Animalism art: symbols and stories

The First Art Newspaper on the Net    Established in 1996 Tuesday, April 16, 2024

Animalism art: symbols and stories

Painting provides limitless possibilities for exploring this world. Some artists dwell on the closest and yet most unfamiliar to all of us - a person. Landscape painters are fanned and warmed by nature. Marine painters greedily draw from the eternal water source. Animalists, on the other hand, are not so interested in common nature scapes and in man. What kind of genre is animalism? Whose names glorified it? And are there artists among kings?

Famous animalists

The animalistic genre focuses on the depiction of animals in various forms of art. Beauty, together with the plasticity of the body, attracts the attention of the artist. He, as a biologist, explores the subject of his interest. A variety of species and forms, or simply affection for a beloved pet, makes animal artists turn to this particular genre over and over again. The magic of turning life into art enchants them time after time. Did you feel the same while painting?

George Stubbs

Among the famous animal painters, George Stubbs stands out. The 18th-century English artist immortalized himself with talented drawings of horses. The boy learned to draw them at a young age. Later, interest in horses did not decrease. He conveyed their graceful strength through anatomically honed drawings. Flowering nature, as a rule, becomes the background of Stubbs' painting. Picturesque horses were adored by the aristocracy, who knew about horse racing and knew a lot about successful bets.

Johann Friedrich Groot

Another talented animal painter is Johann Friedrich Groot. The painter from Stuttgart worked in Russia most of his life, where he died. Empress Elizaveta Petrovna loved hunting, and Groot miraculously depicted bloody hunting scenes. So the Russified Ivan Fedorovich enjoyed the favor of the daughter of Peter I, and the whole court followed her in this love. But the privileges of a talented artist are not limited to the location of the monarch. What could be better?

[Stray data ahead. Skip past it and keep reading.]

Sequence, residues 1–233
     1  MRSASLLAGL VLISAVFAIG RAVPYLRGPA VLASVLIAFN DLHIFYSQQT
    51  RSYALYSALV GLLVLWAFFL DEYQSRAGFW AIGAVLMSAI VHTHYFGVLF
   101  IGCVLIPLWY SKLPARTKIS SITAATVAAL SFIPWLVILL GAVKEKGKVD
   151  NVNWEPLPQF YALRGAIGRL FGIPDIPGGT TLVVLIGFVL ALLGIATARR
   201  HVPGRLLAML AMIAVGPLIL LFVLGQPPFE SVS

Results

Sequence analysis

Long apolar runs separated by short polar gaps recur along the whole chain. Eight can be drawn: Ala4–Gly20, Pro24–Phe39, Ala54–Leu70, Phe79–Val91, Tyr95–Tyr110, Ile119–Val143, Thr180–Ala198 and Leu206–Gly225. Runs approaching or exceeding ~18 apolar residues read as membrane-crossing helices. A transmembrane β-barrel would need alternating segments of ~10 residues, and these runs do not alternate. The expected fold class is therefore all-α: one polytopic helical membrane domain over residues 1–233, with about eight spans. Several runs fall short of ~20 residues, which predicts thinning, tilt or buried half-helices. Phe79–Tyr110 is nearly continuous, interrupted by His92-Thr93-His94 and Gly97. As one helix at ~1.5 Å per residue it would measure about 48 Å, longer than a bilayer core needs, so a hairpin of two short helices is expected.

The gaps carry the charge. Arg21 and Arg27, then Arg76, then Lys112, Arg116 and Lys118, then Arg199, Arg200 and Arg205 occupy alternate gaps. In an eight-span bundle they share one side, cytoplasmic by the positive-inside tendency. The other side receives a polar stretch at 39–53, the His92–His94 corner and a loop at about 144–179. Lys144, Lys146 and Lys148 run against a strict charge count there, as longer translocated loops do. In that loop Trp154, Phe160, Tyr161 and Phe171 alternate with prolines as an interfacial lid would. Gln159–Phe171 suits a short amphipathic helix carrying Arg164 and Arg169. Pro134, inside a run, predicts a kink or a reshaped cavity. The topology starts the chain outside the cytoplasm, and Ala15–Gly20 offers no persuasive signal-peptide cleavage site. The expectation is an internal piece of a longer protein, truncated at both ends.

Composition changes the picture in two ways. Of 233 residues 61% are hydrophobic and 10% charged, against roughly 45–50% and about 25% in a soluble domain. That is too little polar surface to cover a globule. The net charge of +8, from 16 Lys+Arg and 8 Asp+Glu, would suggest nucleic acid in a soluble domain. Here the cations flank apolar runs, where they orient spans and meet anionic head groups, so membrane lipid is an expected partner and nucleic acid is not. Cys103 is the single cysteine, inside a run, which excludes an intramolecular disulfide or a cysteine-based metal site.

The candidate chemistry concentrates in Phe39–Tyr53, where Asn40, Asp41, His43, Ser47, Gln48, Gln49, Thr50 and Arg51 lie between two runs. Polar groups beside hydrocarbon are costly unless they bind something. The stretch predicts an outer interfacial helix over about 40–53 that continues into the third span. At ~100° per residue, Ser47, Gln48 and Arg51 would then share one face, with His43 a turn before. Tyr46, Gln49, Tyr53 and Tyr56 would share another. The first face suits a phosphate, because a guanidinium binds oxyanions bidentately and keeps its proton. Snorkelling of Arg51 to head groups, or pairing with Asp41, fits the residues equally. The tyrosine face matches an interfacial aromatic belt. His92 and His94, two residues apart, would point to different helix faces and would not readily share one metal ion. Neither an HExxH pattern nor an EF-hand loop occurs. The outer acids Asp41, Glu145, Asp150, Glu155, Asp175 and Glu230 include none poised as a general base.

Paul de Vos

Another interesting painter who loved to catch animals’ vibrant souls on his canvas was Paul de Vos. He loved to show animals’ wild and unruled nature full of primitive yet bright feelings. All kinds of hunting scenes: from the start where dogs are running for the prey to the hunting peak where just after a moment they will bite a deer’s neck. And scenes afterward when prey is caught and lies motionless but battles for the meal still being continued.

With dedication and attention to the smallest details like every claw, fang, coat pattern, and muscle he pictured endless burning energy. That without any question admired and fascinated him.

“Cats fighting in a larder” is a good finely made example of animalism art by Paul de Vos. This picture depicts a cat’s fight for food and territory and this scene is painted as baroque as it can be. We see classic Flamand still life with the fruits and wildfowl on the plates and in the wicker basket in a smooth warm goldish color palette. And all this stillness is purely broken by the three cats fiercely grappling and fighting for their life. And we see another cat jumping into this fight from the window in all its feline grace and elegant power. We can’t say surely what breed they are, we just can be sure that they don’t look like breeds that are widely spread nowadays like a Siamese cat.


For art there are no boundaries, even classes. Animalistic paintings by Zhu Zhanji, the emperor of China, who lived in the 15th century, confirm this. Do not think that the pursuit of fine arts was at the expense of the work of the emperor. Having inherited the throne from his father, our hero deftly managed to stop the uprising of his own uncle Zhu Gaoxuem. During the time that Zhu Zhanji was at the helm, the country experienced ups and downs. Social, political, and economic internal improvements were accompanied by the complete defeat of the Chinese army in Vietnam in 1427. After a ten-year reign in the father's country, the place of the emperor was taken by the artist's son.

But still, not only in the dynastic chain of rulers of China, his name forever left a mark. Zhanji's paintings are still in front of the eyes of the audience. The talented emperor managed to leave not so many paintings in his short life. "Saluki Pair", "Gibbons Play", "Mouse and Stone" refer to the decade of his reign. Made with water-based paints, the animals on them are translucent. The lightness, and elegance with which they are executed fill the figures with movement. Mobile and curious dogs and gibbons are the best heroes for the flowing water-based paint.

The paintings are not overloaded, they only show animals with a minimum of landscape sketches. Without touching the symbols, perhaps hidden in the works, we see that their space is very functional. The dog leaned over to examine the plants, it happened more than once in his life. The monkey could have been hanging in the air, but the author of the picture saved us from this funny position by adding a liana. The mouse hides in the leaves hanging around, which are denser and larger than it. Sensitivity and talent give birth to art. If you feel the world around you, like a painter, sharply, you will create a picture no worse. All in your hands!

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